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Home  >  Digital Archives  >  People of the North  >  Native Lives and Traditions
The Stolen Totem Pole
By Tricia Brown

In August 1899, a group of prominent Seattle businessmen calling themselves the "Good Will Committee" explored the Alaska Panhandle in an expedition sponsored by the Seattle Post-Intelligencer. Steaming along the coast and among the islands on the City of Seattle, the party had arrived on the heels of the Harriman Expedition, in which a select crew of scientists and artists also followed the coast of British Columbia and Alaska that summer. While national newspapers reported their progress, the Harriman group surveyed the shoreline, catalogued flora and fauna, collected specimens, and expanded the world's knowledge of the coastal geology, marine life, glaciers, and Native culture. The "specimen collecting" occasionally turned to theft, however, at various villages they encountered. At Gaash, a Cape Fox village, expedition members disembarked and returned with, among other finds, a pair of finely carved bear house posts, taken without the permission of the clan. Likewise, during other stops, members left with totem poles, masks, bentwood boxes, and other Native Alaskan articles they intended for colleges and museums around the country.

Just one month later, vacationing businessmen from Alaska on the "P-I Excursion," as the tour was called, asked their captain where they might procure a totem pole for the city of Seattle. Knowing that many villagers would be away fishing, the captain chose Tongass Village, which was virtually empty when they arrived. There were witnesses, however, who did not or could not object as one of village's monumental totems, a 60-foot pole, was chopped down like a tree, cut in half, and rolled to the shoreline. The elaborately carved pole had belonged to the Raven Clan and was topped by the figure of Raven.

A few months later, the Raven totem pole was installed at First Avenue and Yesler Way in Seattle's Pioneer Square. At its official unveiling, a crowd of cheering people was on hand. The date was October 18, 1899, the anniversary of Alaska's transfer from Russia to the United States, now observed as Alaska Day.

The people of Tongass Village did not remain silent, however. The Tlingit people brought their grievances to Territorial Governor John G. Brady, asking for the return of the pole or $20,000 for its purchase. Ultimately, a federal grand jury in Alaska indicted eight of the prominent Seattleites for theft of "government property," as the village was under the jurisdiction of the military at Fort Tongass.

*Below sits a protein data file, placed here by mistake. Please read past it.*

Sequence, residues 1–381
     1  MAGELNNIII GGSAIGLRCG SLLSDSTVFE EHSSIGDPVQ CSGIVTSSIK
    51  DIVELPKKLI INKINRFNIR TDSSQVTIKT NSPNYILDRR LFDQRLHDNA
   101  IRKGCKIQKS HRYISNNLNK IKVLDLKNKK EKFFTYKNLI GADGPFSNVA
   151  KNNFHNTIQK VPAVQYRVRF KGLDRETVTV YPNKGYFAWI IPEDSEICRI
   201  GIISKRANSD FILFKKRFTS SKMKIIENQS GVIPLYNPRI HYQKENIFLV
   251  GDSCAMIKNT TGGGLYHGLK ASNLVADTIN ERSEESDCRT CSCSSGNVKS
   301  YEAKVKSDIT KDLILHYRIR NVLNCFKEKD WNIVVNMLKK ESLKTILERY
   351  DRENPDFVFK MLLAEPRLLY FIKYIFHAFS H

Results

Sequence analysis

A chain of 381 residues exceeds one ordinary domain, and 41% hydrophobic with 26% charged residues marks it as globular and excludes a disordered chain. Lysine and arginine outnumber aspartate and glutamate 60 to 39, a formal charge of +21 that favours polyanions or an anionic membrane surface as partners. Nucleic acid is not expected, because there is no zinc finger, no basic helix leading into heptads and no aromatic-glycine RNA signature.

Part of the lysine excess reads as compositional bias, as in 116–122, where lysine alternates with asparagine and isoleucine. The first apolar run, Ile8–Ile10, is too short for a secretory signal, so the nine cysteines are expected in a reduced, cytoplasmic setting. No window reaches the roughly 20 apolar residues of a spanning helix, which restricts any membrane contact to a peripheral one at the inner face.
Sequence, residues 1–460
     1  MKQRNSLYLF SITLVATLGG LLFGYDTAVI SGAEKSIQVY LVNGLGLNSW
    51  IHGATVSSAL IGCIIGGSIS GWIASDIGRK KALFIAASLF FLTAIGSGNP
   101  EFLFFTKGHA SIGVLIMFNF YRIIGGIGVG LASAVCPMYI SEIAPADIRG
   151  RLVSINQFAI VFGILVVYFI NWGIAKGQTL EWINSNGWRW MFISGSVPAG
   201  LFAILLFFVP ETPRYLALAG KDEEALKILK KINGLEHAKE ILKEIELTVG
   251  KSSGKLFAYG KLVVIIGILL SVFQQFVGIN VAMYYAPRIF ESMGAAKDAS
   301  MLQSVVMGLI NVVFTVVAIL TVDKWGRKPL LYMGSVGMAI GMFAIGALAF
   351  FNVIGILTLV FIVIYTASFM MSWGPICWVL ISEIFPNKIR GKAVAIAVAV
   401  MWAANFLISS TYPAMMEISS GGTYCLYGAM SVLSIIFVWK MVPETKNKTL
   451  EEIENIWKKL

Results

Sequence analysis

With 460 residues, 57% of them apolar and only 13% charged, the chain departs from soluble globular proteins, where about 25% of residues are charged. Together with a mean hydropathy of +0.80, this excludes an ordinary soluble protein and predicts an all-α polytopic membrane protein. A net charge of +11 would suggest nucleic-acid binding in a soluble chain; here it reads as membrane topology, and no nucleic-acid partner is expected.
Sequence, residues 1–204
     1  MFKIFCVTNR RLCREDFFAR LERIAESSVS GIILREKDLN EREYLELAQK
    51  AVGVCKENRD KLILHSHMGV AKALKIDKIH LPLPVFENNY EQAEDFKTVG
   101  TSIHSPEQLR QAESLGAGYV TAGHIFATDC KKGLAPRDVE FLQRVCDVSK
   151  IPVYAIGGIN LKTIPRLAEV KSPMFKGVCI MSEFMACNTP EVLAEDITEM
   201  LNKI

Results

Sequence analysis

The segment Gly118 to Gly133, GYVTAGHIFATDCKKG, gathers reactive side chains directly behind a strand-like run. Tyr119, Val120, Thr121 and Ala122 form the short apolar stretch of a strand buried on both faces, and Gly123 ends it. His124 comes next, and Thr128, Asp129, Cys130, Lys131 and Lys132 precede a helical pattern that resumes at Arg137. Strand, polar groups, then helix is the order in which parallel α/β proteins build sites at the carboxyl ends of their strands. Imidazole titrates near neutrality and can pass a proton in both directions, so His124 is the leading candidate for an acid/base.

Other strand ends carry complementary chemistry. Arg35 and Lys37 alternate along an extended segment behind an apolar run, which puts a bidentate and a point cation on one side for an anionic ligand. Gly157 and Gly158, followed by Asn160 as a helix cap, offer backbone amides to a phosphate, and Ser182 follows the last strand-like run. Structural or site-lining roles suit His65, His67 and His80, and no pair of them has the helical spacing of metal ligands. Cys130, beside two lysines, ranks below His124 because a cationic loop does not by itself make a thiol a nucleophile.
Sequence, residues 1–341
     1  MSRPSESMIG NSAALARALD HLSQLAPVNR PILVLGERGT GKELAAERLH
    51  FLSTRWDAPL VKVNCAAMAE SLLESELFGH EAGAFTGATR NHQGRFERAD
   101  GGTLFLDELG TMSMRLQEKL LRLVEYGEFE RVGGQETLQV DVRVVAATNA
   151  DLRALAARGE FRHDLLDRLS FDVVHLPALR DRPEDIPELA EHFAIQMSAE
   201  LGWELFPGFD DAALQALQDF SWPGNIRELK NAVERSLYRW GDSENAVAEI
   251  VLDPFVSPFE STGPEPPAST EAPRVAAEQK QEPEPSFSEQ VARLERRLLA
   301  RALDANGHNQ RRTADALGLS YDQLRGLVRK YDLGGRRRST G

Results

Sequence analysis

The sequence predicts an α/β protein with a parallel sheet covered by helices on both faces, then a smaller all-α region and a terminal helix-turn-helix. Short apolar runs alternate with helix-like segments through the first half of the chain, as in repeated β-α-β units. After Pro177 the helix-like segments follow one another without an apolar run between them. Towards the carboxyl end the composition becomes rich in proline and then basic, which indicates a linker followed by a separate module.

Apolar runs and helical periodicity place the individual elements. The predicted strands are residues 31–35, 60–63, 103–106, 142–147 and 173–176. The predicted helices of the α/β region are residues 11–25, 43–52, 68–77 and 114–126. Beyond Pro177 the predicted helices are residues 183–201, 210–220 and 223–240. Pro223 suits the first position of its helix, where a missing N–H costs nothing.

Seattle attorney William H. Thompson denied that the totem had been stolen. "The village has long since been deserted," he responded. "Here the totem will voice the natives' deeds with surer speech than if lying prone on moss and fern on the shore of Tongass Island."

Writing his memoirs in 1935, James William Clise, who had been a leader in the P-I Excursion's "Good Will Committee," remembered the events that followed: "By some skillful work and co-operation of certain designing white men then living in Seattle, eight or ten of the principal men aboard the vessel were indicted by the Courts of Alaska for removing the totem pole to Seattle. No attempt was ever made to serve the papers or to take the men interested to Alaska. On the contrary, on one occasion every Senator and Representative from the Pacific Coast states went in a body to the State Department in Washington and asked the dismissal of the suit. They explained it was beyond their power to do so . . . "

Lacking assistance from Washington, the men sought help through political friendships and alliances. Clise, who had been acting chairman of the Seattle Chamber of Commerce in 1899, wrote that he and others among Seattle's prominent leaders wined and dined a newly appointed U.S. District Court Judge for Alaska when he passed through Seattle. Clise wrote: " . . . the entertainment was such a remarkable success that upon his taking his Judicial position in Alaska, one of his first acts was to dismiss the suit."

The Raven pole was not returned to Tongass Village, and the Seattle Post-Intelligencer offered a mere $500 in compensation, a sum that never reached the village, or more specifically, the Raven Clan.